Renewable energy costs to keep escalating, says Eskom
Costs associated with renewable energy independent power producers (IPPs) will continue to increase due to commitments from the earlier bid windows.
This is according to power utility Eskom, which is seeking to hike SA's electricity tariffs by 15% per annum over the next three years.
The power utility last week made a presentation at the National Energy Regulator of SA's public hearings into Eskom's Regulatory Clearing Account application for year five of the third multi-year price determination (MYPD3), as well as the fourth multi-year price determination (MYPD4) application focused on coal and IPPs.
In 2018, Eskom purchased IPP power at an average cost of 222c/kWh. In the previous financial year, the power utility bought 11 529GWh of energy from IPPs at R21.7 billion, at an average cost of 188c/kWh.
According to Eskom, at 31 March 2018, total available IPP capacity of 4 779MW consisted of renewable IPPs of 3 774MW and IPP gas peakers of 1 005MW. In 2017, the total was 5 027MW.
Eskom's general manager for energy trading, Callie Fabricius, explained the IPP programme is a government decision with limited Eskom participation in deciding which IPPs to buy from and the prices paid to it.
"In terms of Regulations of Electricity Regulation Act, the minister of energy makes a determination that Eskom becomes the buyer of energy from IPPs. And regulation says we must implement this," he said.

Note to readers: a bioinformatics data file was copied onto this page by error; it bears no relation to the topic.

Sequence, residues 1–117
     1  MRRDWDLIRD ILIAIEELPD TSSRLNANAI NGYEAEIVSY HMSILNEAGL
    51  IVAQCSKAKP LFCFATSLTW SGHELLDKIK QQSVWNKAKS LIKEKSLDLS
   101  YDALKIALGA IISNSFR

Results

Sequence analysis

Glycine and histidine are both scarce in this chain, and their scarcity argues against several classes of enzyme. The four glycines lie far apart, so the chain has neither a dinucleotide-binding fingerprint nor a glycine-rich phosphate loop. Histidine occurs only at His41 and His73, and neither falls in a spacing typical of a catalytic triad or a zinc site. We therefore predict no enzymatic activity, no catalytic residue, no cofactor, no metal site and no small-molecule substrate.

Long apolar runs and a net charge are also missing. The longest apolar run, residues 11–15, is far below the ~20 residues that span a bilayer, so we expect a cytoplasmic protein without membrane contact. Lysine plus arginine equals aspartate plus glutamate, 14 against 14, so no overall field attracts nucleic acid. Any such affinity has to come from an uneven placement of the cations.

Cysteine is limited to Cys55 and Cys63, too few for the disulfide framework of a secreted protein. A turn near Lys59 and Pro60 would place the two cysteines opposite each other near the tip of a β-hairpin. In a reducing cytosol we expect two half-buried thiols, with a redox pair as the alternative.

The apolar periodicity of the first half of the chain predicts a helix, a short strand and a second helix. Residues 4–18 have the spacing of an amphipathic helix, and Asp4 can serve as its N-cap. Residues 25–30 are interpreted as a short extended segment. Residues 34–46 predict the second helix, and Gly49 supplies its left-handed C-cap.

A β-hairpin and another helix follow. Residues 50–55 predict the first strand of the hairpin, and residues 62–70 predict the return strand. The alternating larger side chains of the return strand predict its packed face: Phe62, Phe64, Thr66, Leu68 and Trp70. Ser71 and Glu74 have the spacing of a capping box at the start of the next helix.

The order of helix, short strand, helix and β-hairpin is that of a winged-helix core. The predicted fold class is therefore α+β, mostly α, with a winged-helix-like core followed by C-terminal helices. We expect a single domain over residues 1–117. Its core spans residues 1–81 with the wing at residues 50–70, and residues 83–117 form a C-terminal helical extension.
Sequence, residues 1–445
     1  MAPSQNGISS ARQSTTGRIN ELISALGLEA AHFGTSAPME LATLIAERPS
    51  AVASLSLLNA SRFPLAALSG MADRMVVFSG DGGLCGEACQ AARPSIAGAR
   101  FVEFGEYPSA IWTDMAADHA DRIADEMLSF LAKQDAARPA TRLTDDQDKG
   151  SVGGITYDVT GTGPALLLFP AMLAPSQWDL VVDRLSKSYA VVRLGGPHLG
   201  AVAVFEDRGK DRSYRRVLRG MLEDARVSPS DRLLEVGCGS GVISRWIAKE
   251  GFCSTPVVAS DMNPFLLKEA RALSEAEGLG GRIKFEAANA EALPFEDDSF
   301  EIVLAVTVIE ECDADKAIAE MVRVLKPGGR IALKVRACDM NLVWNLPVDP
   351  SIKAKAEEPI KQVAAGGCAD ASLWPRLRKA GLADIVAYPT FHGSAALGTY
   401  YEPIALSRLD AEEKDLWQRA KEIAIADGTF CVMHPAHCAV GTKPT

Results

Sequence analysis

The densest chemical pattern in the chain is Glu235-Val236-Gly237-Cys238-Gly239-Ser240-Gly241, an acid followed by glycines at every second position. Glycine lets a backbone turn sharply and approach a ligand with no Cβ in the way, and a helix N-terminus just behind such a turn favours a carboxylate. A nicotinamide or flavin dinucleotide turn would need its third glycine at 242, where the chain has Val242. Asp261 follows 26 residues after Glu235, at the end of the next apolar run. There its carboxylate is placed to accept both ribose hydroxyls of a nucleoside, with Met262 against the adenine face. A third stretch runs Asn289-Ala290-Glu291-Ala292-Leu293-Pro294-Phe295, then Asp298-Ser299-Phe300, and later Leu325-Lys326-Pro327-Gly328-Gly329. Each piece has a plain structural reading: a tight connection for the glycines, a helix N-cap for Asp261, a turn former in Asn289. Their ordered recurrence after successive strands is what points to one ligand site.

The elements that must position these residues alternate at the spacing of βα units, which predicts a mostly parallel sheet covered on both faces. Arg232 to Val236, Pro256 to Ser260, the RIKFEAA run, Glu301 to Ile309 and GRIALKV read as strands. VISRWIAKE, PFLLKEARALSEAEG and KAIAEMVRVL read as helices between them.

Fabricius added that the output of IPPs to the system will increase from this year to the end of the MYPD period by 64%.
"Even though the relative cost of particular technologies is decreasing over time, Eskom costs associated with renewable IPPs will continue to increase due to commitments from the earlier bid windows."
Although SA's energy sector is still largely coal-driven, government is making efforts to support renewable energy in the country's energy mix.
In August, SA's energy minister Jeff Radebe released the long-awaited Integrated Resource Plan, a 20-year energy roadmap to meet the country's future power needs.
In 2030, the government envisages SA's energy mix will consist of 34 000MW of coal, representing 46% of installed capacity; 11 930MW of gas, or 16% of installed capacity; 11 442MW of wind, or 15% of installed capacity; 7 958MW of photovoltaic (PV, or solar); and 4 696MW of hydropower, or 6% of installed capacity.
Launching its election manifesto last week, the ANC said it will "continue to support the use of renewable technologies in the country's energy mix to reduce the cost of energy".
Meanwhile, Eskom's proposal has been met with resistance, with civic group, the Organisation Undoing Tax Abuse, saying the public should not have to pay the price for Eskom's corruption and poor leadership.
Vainola Makan, the Southern African Faith Communities' Environment Institute's energy and climate justice campaign co-ordinator, says: "If granted, this price increase will severely impact all consumers of electricity across the country, many of whom are already struggling to pay their daily bills.
"Communities should not have to bear the brunt of the energy increases every year, particularly since Eskom management does not seem committed to recovering the mismanaged funds."